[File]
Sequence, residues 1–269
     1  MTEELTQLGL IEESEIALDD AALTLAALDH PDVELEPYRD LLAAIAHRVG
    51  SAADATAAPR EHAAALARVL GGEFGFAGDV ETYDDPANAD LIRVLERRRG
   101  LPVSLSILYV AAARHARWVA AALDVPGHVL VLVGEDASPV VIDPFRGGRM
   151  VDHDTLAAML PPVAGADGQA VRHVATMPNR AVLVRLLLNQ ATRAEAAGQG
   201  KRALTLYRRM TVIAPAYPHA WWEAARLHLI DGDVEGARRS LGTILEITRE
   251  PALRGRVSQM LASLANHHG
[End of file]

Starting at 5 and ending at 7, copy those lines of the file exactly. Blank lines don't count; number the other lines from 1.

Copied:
   151  VDHDTLAAML PPVAGADGQA VRHVATMPNR AVLVRLLLNQ ATRAEAAGQG
   201  KRALTLYRRM TVIAPAYPHA WWEAARLHLI DGDVEGARRS LGTILEITRE
   251  PALRGRVSQM LASLANHHG